Since then, hearing that the rest of the support staff who were propping up this bully have all left is giving me all the schadenfreude I can stand.

    1. Marni*

      Sorry posted prematurely. Anyway, when I first read your post I thought maybe you were one literally of the people who skipped out of there and into far better jobs for far better people, and I couldn’t stop grinning. Even though I don’t think we actually know each other, I’m still thrilled for you.

  10. Megan*

    Congrats to OP4! It’s such a great update that I almost want to know the company name and send across my resume!

    1. LW4*

      Thanks. I’ll just say it’s one of the big banks in Canada but I work in the insurance division in a head office role (though I work at home since prior to pandemic). My boss is a woman, her boss is a woman, and her boss above that is a woman. They’ve all had kids although even my prior male boss at that work was great and understanding. He had a 2 year old and would often be on daycare pick up so understood the “sorry can’t work late tonight I am on pick up”

      When I was only there three weeks my Husband was home with our sick kid, he had him at the doctor who sent him to ER as kid ended up with pneumonia. I mentioned it to my trainer off hand that I didn’t know what to do my husband has meetings he could not miss the next day but I just started and didn’t want to ask for a day off. and she was like “go see boss” I told him I was sorry but I had to be out the next day (a Thursday) he told me to “leave now, go to your kid and don’t come back this week”.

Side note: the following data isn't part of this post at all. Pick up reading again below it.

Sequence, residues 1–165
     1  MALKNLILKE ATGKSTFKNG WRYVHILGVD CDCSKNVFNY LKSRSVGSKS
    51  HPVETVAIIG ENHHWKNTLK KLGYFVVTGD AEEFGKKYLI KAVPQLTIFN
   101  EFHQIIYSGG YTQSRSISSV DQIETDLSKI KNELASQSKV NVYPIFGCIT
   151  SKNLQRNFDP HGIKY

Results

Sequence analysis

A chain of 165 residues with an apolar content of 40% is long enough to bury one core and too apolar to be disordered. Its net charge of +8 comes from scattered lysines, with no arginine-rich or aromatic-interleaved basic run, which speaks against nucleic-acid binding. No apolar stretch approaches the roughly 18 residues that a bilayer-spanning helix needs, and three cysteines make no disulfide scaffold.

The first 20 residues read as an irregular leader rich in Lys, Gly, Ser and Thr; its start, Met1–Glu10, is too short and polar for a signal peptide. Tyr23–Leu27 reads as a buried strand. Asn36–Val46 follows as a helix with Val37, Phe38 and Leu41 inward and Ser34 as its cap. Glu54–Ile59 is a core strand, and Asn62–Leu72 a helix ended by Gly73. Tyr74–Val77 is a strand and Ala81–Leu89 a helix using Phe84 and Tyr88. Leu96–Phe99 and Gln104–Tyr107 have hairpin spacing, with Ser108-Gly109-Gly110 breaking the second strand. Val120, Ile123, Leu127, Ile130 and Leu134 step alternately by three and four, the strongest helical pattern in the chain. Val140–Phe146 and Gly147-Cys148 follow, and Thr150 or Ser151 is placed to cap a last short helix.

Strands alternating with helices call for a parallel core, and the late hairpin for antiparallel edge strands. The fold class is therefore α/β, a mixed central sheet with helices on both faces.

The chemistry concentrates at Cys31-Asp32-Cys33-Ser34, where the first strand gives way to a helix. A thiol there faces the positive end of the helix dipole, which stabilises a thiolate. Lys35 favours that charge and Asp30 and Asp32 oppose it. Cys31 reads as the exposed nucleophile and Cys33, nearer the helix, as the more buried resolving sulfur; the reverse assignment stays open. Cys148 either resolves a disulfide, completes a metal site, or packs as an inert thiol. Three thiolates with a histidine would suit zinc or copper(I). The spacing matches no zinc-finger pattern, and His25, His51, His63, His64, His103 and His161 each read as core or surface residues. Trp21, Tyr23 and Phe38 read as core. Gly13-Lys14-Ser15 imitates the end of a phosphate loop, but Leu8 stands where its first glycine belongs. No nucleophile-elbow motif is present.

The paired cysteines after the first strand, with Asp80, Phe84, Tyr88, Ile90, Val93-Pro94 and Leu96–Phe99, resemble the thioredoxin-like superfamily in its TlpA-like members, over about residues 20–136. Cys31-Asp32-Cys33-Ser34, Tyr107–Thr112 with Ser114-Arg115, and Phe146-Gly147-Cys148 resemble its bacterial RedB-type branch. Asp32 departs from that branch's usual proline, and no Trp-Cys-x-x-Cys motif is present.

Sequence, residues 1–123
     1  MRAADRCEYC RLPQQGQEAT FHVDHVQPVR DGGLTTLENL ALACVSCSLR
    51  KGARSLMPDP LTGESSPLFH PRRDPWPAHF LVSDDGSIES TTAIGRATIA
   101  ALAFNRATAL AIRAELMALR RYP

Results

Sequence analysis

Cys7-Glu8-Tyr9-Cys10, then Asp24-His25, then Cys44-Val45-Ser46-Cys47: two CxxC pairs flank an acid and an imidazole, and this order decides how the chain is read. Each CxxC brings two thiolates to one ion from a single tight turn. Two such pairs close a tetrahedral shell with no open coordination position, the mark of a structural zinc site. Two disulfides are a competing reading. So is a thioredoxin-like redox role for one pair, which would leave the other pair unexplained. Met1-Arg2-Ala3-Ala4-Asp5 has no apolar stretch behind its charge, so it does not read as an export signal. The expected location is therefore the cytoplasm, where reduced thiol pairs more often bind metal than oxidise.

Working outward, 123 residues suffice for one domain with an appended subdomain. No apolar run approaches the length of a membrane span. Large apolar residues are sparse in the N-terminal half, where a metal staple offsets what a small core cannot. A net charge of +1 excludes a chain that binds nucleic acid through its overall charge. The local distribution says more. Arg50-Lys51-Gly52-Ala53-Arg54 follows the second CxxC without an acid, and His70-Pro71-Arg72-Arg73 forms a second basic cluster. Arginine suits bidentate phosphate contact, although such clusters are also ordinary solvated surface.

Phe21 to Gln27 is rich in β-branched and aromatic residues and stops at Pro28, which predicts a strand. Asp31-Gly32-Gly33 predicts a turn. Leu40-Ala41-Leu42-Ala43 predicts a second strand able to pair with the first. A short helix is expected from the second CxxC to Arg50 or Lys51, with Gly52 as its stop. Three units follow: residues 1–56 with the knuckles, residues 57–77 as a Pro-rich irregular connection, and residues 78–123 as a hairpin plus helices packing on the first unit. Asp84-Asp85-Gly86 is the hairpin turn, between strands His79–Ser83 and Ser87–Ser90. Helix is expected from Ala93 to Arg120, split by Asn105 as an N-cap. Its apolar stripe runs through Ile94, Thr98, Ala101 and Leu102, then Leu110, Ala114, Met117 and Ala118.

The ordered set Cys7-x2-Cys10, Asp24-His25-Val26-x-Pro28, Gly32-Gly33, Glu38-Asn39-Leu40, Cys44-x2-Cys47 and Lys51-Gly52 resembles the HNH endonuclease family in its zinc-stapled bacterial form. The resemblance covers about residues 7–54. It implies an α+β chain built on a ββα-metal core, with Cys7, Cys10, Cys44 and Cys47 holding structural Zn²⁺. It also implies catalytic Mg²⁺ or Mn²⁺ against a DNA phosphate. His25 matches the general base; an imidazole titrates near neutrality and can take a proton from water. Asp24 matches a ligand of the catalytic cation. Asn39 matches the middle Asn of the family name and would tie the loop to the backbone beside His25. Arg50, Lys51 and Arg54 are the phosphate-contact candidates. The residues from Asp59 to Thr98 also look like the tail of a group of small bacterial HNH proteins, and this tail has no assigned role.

They have “unlimited sick and emergency” days to be used at manager discretion so they were paid still and didn’t have to use vacation time.

      My prior company laid me off within a few month of returning from a maternity leave when I had my first baby so this was much more welcome!

      Baby is almost 6 months old now and doing great!!